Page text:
News Column

Consumers, Social Media Oversharers Protect Your Online World

Dec 21, 2012

Debra D. Bass


We are in a new world of oversharers. We "check-in" at restaurants, malls and sporting events. We photograph our meals. We grumble about the customer service at the superstore. And often hundreds, if not thousands, of people bear witness. Most ignore, some respond, maybe a few actually care.

But when it comes to sharing information about what you buy, from where, for how much and when, that action can have unintended financial consequences.

"In social media, one of the things I never do is agree when they want you to promote that you purchased this or just bought that," said professor Scott Campbell of Miami University in Oxford, Ohio.

He is director of technology for the School of Applied Science and Engineering and teaches courses on network and system security. He admits that he's paranoid, but then again he's trained to ferret out worst-case scenarios.

I asked him about an array of information sharing activities to see what was risky and what was shrug-worthy. He doesn't believe you can't share any personal information, but he does believe that you should be selective.

Sure, sign up for tweets from Target or Facebook and go ahead and "like" your favorite boutique.

But protect your Social Security number. And that doesn't mean, just don't give it out. It means don't give out hints.

Social Security numbers are not totally random. So if someone with malicious intent knows the year you were born and your city of birth, he or she can start running programs to discover your Social Security number and fake your identity.

What should you do? Just because people ask for something doesn't mean they need it. If you have the opportunity on a store rewards form or restaurant frequent buying card, don't include your exact age. The marketers want to target information to your age group, but it makes it really easy to figure out your year of birth. Same advice goes for birthdate requests. Stop with the month and day (withhold the year), if they "need" it, consider the request. Do you trust this agency's security? Is the 20 percent off or next meal free deal worth it?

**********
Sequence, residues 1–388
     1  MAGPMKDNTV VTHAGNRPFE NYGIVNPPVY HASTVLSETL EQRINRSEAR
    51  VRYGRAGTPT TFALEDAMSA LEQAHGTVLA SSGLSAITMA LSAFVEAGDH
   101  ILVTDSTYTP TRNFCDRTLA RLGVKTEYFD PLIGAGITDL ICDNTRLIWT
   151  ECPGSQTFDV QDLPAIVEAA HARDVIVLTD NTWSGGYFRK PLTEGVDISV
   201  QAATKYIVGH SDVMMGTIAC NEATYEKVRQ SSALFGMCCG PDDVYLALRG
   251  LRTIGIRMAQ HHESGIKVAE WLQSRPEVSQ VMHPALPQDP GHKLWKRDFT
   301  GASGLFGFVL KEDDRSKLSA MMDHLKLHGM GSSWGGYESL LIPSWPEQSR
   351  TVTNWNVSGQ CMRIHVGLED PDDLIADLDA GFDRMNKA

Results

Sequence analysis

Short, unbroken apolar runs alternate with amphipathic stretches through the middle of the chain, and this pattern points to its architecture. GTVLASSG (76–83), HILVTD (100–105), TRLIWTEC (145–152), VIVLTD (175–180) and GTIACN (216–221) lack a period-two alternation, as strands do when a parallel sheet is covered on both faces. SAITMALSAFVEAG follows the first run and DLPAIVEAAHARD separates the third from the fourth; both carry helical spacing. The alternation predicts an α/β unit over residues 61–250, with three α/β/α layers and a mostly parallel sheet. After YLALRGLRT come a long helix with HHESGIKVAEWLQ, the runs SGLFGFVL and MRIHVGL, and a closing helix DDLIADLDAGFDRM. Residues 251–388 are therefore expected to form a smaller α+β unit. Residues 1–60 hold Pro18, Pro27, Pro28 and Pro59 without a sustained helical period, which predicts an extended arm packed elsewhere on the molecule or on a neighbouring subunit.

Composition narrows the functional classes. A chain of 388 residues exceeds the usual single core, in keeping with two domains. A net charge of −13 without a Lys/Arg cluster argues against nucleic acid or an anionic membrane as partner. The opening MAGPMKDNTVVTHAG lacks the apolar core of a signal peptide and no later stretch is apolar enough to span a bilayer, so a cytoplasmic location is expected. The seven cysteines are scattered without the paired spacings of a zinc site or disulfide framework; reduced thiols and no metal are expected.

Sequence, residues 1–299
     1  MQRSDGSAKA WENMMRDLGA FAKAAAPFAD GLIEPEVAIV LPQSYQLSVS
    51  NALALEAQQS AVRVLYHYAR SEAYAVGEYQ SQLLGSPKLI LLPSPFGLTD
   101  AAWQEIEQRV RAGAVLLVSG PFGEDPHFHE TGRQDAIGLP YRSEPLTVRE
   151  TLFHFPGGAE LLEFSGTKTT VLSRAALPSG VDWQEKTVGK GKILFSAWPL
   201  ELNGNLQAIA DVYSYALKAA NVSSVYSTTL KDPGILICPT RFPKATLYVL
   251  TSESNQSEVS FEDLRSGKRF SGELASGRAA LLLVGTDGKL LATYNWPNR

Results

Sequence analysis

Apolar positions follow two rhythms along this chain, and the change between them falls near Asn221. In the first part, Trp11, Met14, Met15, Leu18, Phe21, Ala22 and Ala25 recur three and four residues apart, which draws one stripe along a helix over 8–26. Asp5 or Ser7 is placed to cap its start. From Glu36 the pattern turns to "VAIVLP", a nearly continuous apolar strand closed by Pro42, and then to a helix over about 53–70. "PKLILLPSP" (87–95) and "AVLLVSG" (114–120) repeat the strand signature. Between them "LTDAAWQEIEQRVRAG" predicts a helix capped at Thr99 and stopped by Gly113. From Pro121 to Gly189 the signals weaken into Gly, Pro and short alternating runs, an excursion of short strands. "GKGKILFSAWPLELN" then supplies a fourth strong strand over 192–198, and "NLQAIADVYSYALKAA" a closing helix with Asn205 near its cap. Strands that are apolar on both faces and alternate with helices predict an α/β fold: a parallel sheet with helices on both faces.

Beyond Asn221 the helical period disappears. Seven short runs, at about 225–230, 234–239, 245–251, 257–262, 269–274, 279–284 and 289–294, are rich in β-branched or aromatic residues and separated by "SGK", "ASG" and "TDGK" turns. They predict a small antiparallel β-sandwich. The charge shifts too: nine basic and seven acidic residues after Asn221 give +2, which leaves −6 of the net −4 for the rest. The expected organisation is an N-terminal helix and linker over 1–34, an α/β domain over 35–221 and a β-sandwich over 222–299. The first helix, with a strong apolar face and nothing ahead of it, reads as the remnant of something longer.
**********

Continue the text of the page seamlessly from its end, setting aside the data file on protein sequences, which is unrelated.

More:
"The birthday is fine; it's nice to get those little cards and deals every year on your birthday, but they don't need to know that you're turning 50 this year. That's just more information," Campbell said. Our suggestion: If they need a year, give them one (wink).

Giving them your email address is fine. The worst thing you'll typically get is extra spam. Campbell said it's a necessary evil. He has a separate free email account just for signing up for deals.

"They are using (email) for marketing, and that's what's driving our economy," he said. Same goes for your Twitter and Facebook accounts. Sharing that information is pretty safe, but note that your Facebook page should not include your age either. There's a setting to make only your month and day visible, use it.

Overall, Campbell is most concerned with protecting credit and debit card information.

To that end, he prefers to use true credit, not a debit card for most transactions. There have been high profile department store systems that have been hacked, and months of charge card numbers were stolen. In cases like that, bank accounts can be depleted quickly. You'll get the money back from the fraudulent activity, but it can take 10 days or more. That's a long time to be without ready cash.